Report from Richmond Shipyards, Electricians Union B-302. 
Courtesy NARA at SF
3. The other workers wouldn’t tolerate working with minorities. As explained above, companies said they tried to deal with this at great cost and inconvenience. The FEPC often sent a pamphlet “How Management Can Integrate Negroes in War Industries,” or would offer help to the company to deal with the issue.
4. Unions had written into their charters that African Americans and/or women were not al­lowed to join. The companies, especially the ship­building companies, had contracts with the un­ions and would not hire anyone who did not have a “ticket” from the union.
Once this was challenged, the unions created aux­iliaries for African Americans. Although they paid full membership, they did not receive full mem­bership benefits, including insurance, the right to vote, and the right to certain types of jobs – usu­ally the better jobs in terms of conditions and pay.
A California Supreme Court Case, James vs. Marinship and the International Brotherhood of Boilermakers (February 1944) dealt with union dis­crimination. The decision held that aux­iliaries were il­legal and that unions could not ex­clude African Ameri­cans when there was a closed shop in the industry. It effec­tively vacated the union’s practice of re­quiring auxiliary member­ship for African Ameri­cans who worked in the shipyards and ordered the union to grant them equal mem­bership with other shipyard workers.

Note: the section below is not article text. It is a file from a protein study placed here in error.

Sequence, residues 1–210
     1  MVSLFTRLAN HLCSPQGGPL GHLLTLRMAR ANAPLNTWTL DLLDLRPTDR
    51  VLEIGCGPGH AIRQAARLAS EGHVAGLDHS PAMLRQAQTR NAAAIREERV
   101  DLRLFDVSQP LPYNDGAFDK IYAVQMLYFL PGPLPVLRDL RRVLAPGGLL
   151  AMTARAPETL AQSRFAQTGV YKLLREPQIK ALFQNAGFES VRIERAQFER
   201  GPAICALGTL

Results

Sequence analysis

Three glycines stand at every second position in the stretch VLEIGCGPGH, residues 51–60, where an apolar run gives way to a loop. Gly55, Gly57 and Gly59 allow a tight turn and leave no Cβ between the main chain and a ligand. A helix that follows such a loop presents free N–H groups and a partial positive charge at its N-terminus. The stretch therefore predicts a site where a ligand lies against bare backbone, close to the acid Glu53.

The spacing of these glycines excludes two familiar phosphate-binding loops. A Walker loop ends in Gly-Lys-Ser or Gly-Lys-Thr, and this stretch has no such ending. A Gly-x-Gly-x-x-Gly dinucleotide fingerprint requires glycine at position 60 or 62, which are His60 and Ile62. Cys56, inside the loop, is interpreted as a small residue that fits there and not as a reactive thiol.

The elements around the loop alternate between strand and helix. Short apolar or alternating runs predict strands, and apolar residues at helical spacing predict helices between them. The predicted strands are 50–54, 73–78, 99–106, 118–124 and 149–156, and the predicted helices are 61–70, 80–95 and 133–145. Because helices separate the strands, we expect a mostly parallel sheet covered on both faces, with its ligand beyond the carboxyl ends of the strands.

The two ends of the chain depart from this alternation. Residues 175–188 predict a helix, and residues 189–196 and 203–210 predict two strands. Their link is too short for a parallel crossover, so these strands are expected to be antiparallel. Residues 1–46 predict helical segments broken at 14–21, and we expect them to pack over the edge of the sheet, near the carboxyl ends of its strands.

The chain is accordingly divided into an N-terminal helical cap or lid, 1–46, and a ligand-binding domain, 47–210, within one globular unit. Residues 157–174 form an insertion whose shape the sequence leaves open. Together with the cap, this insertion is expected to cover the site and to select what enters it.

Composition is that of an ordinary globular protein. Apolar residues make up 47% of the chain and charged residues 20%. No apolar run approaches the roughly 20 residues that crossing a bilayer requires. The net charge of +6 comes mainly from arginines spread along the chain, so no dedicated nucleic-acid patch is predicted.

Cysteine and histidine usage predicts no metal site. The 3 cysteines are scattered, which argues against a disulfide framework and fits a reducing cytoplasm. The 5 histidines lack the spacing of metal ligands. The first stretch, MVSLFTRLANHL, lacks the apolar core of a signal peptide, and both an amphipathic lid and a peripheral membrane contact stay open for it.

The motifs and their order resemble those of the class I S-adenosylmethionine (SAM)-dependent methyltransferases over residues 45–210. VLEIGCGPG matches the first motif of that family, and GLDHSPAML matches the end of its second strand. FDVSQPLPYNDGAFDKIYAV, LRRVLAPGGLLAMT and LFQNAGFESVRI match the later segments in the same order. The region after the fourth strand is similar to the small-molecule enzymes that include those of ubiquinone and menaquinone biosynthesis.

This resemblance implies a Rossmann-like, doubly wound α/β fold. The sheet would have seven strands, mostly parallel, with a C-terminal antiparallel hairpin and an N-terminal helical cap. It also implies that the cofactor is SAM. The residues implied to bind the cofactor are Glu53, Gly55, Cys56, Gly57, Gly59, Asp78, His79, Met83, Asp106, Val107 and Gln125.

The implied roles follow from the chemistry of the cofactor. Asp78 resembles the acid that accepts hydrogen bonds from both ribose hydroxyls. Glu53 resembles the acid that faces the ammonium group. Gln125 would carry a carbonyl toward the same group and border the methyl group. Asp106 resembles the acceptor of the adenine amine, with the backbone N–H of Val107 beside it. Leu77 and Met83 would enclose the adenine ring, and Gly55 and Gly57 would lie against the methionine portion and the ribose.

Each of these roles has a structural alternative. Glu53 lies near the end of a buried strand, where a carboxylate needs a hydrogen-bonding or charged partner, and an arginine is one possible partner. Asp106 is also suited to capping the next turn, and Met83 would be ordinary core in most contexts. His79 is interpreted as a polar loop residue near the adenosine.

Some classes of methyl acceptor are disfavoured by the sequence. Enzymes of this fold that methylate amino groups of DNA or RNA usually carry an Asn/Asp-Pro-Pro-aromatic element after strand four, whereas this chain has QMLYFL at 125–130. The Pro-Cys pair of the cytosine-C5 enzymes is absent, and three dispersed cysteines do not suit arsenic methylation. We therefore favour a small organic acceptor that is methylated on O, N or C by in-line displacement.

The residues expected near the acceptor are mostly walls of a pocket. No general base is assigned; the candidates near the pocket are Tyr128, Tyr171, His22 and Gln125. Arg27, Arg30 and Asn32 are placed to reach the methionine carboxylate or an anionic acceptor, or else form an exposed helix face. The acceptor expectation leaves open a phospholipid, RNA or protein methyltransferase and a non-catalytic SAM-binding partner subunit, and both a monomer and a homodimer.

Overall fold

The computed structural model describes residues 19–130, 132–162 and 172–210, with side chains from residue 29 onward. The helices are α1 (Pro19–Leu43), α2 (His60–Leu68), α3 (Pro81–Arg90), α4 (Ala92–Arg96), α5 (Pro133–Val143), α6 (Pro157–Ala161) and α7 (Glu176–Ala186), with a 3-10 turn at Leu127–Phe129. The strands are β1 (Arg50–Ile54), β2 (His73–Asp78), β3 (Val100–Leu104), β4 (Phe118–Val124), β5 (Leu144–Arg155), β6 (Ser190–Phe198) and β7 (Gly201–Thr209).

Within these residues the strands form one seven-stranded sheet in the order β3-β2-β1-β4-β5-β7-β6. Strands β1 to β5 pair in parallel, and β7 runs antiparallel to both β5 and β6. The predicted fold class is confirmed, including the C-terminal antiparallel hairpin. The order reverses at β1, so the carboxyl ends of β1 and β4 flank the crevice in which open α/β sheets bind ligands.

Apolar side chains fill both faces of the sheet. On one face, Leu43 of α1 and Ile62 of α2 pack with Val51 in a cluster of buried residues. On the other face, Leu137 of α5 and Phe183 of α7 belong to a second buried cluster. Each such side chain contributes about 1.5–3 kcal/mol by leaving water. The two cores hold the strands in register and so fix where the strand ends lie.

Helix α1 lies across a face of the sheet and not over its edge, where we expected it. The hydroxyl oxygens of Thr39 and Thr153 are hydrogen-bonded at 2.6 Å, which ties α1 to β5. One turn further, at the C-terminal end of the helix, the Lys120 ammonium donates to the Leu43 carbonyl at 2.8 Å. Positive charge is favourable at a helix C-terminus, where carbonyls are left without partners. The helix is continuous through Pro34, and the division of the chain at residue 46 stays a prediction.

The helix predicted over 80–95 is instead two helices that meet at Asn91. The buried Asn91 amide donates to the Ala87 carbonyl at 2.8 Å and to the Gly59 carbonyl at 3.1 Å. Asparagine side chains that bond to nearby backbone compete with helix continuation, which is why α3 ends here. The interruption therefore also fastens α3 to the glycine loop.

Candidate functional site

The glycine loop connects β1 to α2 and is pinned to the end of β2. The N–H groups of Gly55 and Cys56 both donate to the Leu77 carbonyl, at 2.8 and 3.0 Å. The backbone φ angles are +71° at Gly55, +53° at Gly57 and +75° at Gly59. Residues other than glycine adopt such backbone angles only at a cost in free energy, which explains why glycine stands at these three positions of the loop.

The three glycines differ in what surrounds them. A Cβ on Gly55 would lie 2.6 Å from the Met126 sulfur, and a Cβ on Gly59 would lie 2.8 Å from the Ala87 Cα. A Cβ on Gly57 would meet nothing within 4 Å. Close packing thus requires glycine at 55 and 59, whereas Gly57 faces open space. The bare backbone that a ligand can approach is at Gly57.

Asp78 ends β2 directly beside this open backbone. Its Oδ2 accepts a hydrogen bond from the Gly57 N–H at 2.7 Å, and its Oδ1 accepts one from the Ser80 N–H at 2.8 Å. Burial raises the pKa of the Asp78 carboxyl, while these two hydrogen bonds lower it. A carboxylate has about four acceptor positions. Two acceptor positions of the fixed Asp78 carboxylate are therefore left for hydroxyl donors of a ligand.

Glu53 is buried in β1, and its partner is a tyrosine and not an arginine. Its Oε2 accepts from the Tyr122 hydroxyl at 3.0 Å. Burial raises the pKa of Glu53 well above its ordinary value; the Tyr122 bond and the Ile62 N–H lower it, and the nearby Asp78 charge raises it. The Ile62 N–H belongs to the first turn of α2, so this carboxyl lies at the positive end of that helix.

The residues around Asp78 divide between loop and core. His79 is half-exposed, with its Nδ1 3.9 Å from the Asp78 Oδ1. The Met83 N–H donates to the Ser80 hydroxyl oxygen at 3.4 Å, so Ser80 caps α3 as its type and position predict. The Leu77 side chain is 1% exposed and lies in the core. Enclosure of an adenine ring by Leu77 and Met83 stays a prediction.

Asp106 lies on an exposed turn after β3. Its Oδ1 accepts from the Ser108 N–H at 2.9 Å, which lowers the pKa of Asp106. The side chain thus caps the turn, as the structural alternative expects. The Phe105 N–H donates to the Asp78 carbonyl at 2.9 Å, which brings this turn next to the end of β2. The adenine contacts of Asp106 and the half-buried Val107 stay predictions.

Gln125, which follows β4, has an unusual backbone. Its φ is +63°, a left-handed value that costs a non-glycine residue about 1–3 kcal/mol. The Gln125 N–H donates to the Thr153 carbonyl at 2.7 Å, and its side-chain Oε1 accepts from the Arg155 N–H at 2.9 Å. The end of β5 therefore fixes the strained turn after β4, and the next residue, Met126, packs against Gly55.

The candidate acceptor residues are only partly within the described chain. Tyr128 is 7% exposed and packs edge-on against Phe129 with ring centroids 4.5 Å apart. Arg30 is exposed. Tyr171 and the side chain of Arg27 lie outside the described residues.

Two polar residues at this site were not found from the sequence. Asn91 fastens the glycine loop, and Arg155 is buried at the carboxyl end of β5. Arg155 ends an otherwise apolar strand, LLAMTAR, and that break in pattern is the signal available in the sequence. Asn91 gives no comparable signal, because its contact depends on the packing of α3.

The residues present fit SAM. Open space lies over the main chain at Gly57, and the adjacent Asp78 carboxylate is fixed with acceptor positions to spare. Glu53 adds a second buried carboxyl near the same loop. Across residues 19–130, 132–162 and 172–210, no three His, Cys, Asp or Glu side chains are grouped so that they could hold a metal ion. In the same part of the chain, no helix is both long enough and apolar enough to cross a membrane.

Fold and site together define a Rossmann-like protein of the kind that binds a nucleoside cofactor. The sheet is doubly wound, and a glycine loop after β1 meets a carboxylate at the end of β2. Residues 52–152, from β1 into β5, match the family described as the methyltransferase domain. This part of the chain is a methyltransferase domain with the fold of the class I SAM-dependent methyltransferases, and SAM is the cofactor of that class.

Letter to President Roosevelt from Lila James, Thanksgiving Day, 1942. 
Courtesy NARA st SF

 The records contain stories of brave men and women who filed complaints with the FEPC. When the situations are described, the discrimi­na­tion is often so blatant and the opportunities so obvious for retaliation against a complainant, that it is clear that it took amazing courage to come forth with the complaint.

The records produced in the San Francisco office of the FEPC for northern California, Portland, and Seattle had been stored away and rarely in­vesti­gated until the recent creation of a database  by Helen Crisman and Martha Wallace. The database is  which is available at the National Archives, Pacific Re­gion and on the SMCGS website.

These files are a valuable resource for those who are researching family history, wartime in­dus­try, the labor movement, and civil rights.

Check the FEPC Index (link below) If you find a file of interest fill in the research form and contact NARA to set up a time to view the files, which need to be brought from the stacks. The thrill of reading the whole story and perhaps finding a letter with your ancestor’s signature is not to be missed!

Betty Reid Soskin 3376
NPS Photo

During World War II Betty Reid Soskin worked as a clerk for Boilermakers Union A-36, an Afri­can-American auxiliary. Today she is a park ranger at the Rosie the Riveter/World War II Home Front National Historical Park in Rich­mond, which explores and honors the role of women and African-Americans in war industries

The National Archives, Pacific Region, San Francisco
1000 Commodore Drive, San Bruno, CA 94066-2350
(650) 238-3501